In two cases “short-circuiting” of supply to return leaks may have been occurring. By “short-circuiting” we mean the supply and return leaks are in close proximity, so much of the supply leak air is drawn back into the system through the return leak. In one mobile home which showed only 1% energy savings, supply leaks were discharging into the pan/sub-floor area from which the return leak was also drawing. In one attic-air-handler home which experienced 4% increase in energy use, supply leaks were dumping into a space below the air handler where the return leak was also drawing much of its air. This “short-circuiting” may partially account for that fact that energy savings were near zero.

In one other case where energy use actually increased by 2% and in another case where energy use decreased by 4.5%, no explanation could be found for the lack of savings, since significant leaks were repaired. It is possible that there were lifestyle, occupancy, or equipment changes in the home which could explain the lack of savings. In general, however, there seemed to be reasonable factors explaining the lack of energy savings in six of the eight homes which had less than 5% energy use reduction.

Five homes experienced greater than 30% energy savings (Figure 8). The greatest was 44.6% reduction. In this case there was a 26.2% return leak, nearly all of which was from the attic. If the air conditioner had been sized larger, the savings would have been even greater since the air conditioner, before repair, could not meet the cooling load during most afternoons. While the house thermostat was set at 79ºF, the house temperature often rose to 82ºF and above. It is suspected that energy savings were smaller than would have otherwise occurred in at least 10 of these homes because the air conditioner was unable to meet cooling loads caused by large duct leaks.

Comparison of energy use before and after repair was done in the following manner. A least-squares first-order best fit was made for the daily AC kWh verses average daily temperature. From these best fit lines, energy use before and after repair was determined at the average summer temperatures of 81.3ºF and 81.8ºF in Brevard and Polk counties, respectively. Plots for eighteen houses are presented in Figures 9, 10, and 11.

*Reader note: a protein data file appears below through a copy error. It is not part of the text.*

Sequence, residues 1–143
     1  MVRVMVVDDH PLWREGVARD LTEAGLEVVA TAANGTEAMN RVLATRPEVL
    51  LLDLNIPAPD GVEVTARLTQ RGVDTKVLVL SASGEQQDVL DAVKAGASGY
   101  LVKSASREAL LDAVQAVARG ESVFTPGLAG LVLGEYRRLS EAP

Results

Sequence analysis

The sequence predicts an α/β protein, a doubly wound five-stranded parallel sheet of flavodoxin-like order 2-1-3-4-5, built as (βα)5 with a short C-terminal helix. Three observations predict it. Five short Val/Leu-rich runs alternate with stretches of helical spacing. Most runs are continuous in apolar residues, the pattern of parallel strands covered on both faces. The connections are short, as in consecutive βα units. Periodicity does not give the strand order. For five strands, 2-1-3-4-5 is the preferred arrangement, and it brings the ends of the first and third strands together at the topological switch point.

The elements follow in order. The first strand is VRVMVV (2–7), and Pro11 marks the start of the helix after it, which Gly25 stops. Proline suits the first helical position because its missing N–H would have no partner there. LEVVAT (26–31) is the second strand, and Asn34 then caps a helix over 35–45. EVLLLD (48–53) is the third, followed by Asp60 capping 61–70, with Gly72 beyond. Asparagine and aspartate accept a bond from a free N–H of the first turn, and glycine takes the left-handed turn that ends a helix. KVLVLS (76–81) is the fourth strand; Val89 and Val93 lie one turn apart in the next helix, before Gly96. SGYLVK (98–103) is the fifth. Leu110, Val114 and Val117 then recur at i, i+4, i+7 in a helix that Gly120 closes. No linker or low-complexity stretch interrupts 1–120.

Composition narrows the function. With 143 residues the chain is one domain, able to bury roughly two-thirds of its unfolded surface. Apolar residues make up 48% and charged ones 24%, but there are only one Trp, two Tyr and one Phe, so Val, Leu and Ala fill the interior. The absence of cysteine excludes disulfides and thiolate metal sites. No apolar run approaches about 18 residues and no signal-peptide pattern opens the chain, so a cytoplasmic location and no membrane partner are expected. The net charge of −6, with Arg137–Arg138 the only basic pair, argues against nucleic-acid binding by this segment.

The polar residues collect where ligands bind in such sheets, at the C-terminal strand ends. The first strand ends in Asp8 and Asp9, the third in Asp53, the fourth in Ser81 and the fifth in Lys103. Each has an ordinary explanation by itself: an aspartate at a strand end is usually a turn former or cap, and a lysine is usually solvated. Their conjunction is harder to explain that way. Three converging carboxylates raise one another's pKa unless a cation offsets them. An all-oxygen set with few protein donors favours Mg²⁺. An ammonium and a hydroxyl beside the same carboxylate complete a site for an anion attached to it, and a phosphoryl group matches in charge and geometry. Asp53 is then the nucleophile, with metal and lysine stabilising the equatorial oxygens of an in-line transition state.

It is estimated that the average cost of duct repair in these 50 homes was about $200. With average energy savings of 7.0 kWh/day, cooling season savings of $85 could be expected. Including heating season savings of perhaps $25, duct repairs would have a simple payback of less than 2 years.

4.5.4 Energy savings by air handler location

Energy savings by air handler location is presented in Table 6. Some observations can be made. Energy use appears to be significantly higher in homes with attic air handlers both before and after repair. Attic AH houses used 30% more cooling energy (before repair) than the other four groups collectively. Following repair, attic AH houses used 35% more cooling energy than the others.

Table 6. Impact of duct repair upon house airtightness, air distribution
systems air tightness, and cooling energy use by air handler location.
  Before After
Locat.
#
ACH50
%inDuct
kWh/d
ACH50
%Rep’d
kWh/d
%red.
attic
8
15.8
19.2%
49.9
14.2
62.8%
42.6
14.7%
closet
10
12.4
14.3%
44.1
11.2
63.1%
37.1
15.9%
garage
10
10.2
15.2%
34.1
9.2
67.0%
28.3
17.3%
p’kage
10
9.7
18.5%
39.2
8.8
49.5%
31.9
18.6%
mobile
10
14.9
14.8%
36.2
13.3
66.2%
30.6
17.2%
tot/avg
48
12.5
15.7%
40.6
11.2
61.7%
33.6
17.2%

figure 9

figure 10

figure 11

Garage AH houses used 32% less cooling energy than attic AH houses. This observation is even more significant when it is considered that garage AH houses are 20% larger than attic AH houses. Thermostat settings were essentially equal in the two groups of houses, 78.9ºF for the garage AH houses and 79.0ºF for the attic-AH houses. After adjusting for house size, homes with AH in the attic used 75% more cooling energy than homes with AH in the garage. While the sample sizes are too small to say that the findings are statistically conclusive, this data does suggest that attic AH houses are substantially more inefficient. The cause may be greater conductive and infiltration heat gains, since more of the air distribution system is located in the hot attic. Further study on a larger sample should be useful in verifying these findings, and determining the cause.